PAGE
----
[M]usic touches the qualities of our experience that are otherwise beyond words. Wisdom, insight, love, fear and joy can all be communicated through subtle textures and vibrations of the musical palette.…listening can be an act of empathy….. Music can also be a mirror to help us better understand our own inner-world of thoughts, emotions and feelings. Vague inner-textures can find clarity of shape, catharsis and release through the teaching that is always available in music…— listening can be healing.[v]

I remember a time in my life that I listened to music with my whole self, in the years just after my father died. I was an undergraduate living at the River City Housing Co-op, and every so often I would shut the door to my room and spend a few hours with Beethoven’s Eroica Symphony and Jimi Hendrix’s “Are You Experienced?” albums. Sometimes moving to the music, sometimes motionless—I guess according to the mindfulness coach, I was unintentionally self-medicating my grief and sorrow. Some time later, I used to put Dan Fogelberg’s “Home Free” album on the record player before I went to sleep, and then turn it on first thing when I woke up, so I could lay in bed listening to “To the Morning.” It lifted me up. I’ll bet there are a lot of stories among us similar to this, of the empathetic, cathartic effects of deeply listening to music. If you’re like me, you don’t often slow down and take the time to do it with our full attention. It’s in the background as we work, or on the radio as we drive. Well, here’s our chance—I invite you to sit as before, feet on the floor, hands resting on your lap, back straight… Breathing slowly, close your eyes or lower your gaze…. Listen to the music. [music plays] Now bring your feet on the ground, your hands in your lap. On your next exhale, gently open your eyes.

Silence, music, words. What about slowing down to listen to other people, those who are close to us, those who are really “other” others? Quaker educator and author Parker Palmer has developed methods of group listening, called “circle of trust”—distinct from group discussions—that I learned while in seminary, and have the great good fortune to be able to practice in two groups now: one a “Peer Discernment Circle” with folks at the same stage of ministry, and the other, a much more simplified version of Palmer’s “circle of trust” method is the “Continuing Conversations” hosted by the Race Unity group of Carbondale, held every Tuesday evening. The format is simple, but it takes some getting used to: each person gets to tell their story, or reflect on the evening’s topic, or if they choose to, to stay quiet. There is no interruption allowed. The circle of trust guideline is: “No fixing, saving, advising or correcting each other. This is one of the hardest guidelines for those of us who make a habit of helping others. But it is vital to welcoming the soul, to making space for the inner teacher.[vi]

So there is no follow up or questioning of the speaker, we simply go to the next person and they say their piece. Each person shares just once, or if time allows, twice. This method encourages deep listening, because you’re not in a back-and-forth, scoring points discussion. Break time is when folks have the chance to have one-on-one conversations, following up on what was said in the larger circle. Knowing that your story is not going to be challenged, but will be listened to helps form trust and respect across differences of race and generation.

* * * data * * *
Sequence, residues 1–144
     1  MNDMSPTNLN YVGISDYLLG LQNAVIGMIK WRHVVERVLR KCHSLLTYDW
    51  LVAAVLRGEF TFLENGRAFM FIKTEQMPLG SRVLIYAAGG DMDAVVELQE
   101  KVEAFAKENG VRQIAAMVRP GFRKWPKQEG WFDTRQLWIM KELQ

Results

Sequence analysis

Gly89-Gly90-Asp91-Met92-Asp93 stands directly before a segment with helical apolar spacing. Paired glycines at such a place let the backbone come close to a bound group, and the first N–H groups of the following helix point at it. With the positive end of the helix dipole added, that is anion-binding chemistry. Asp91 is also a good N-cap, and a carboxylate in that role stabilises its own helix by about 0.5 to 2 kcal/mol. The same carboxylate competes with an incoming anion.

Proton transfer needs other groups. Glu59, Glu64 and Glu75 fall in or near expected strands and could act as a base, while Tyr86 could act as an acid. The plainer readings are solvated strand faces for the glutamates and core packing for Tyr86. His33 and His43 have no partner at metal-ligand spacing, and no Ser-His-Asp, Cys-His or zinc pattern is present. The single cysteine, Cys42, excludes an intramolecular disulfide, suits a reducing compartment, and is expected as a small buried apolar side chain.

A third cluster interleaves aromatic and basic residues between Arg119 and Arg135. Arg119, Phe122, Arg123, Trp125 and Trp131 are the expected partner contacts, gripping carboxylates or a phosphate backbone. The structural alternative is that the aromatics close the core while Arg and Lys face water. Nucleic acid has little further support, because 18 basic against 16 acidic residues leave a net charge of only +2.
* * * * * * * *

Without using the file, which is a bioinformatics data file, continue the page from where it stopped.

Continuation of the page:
As an external processor, when I first encountered this method of communicating, I found it frustrating and restrictive. Now I value it greatly—it helps me slow down and listen to not only to what the speaker is saying, but the underlying emotion and unspoken messages. Many times, listening in this way has helped me to hear my own thoughts more clearly, too. Everyone is welcome to these Continuing Conversations about and beyond race.

Come to think of it, several of our Committees here at CUF practice this kind of listening—albeit briefly—when we do “check-ins” – each person shares what is on their mind, or in their heart, bringing themselves into a circle of listening, acceptance and trust. There is another opportunity for us here at CUF to practice this method, in the theme-based Covenant Groups that we plan to re-establish this Fall. Every group member will have the space and time to speak or stay silent, all will have the opportunity to deeply listen to each other, and themselves. This is the core of individual spiritual development and also of building relationships, the essence of all of our UU principles. Really listening, we can discern the worth and dignity of people we might otherwise disparage; really listening feeds our impulse to justice, equity and compassion in human relations; really listening connects us to the interdependent web of all existence of which we are a part.

Richard Gilbert’s reflection on listening ends with this poem:

Listen! Listen to what others have to say.
There is wisdom in all you meet.
Listen to the sounds of nature.
It speaks and sings and makes music
For those who pay attention.
Listen! Listen to the impulses of your spirit.
Take time to hear your inner yearnings,
That still, small voice drowned in the raucous shout.
Listen! This is a noisy world.
Perhaps, this year, we will listen[vii].

May it be so. Amen.

[i] Gilbert, Richard S. “Listening” accessed 8/4/16.

[ii] Ibid.

[iii] Stoop, Naoko, 2012. Red Knit Cap Girl. New York/Boston: Little, Brown and Company. np.

[iv] Ibid.

[v] accessed 8/12/16.

[vi] accessed 8/12/16.

[vii] Op Cit, Gilbert.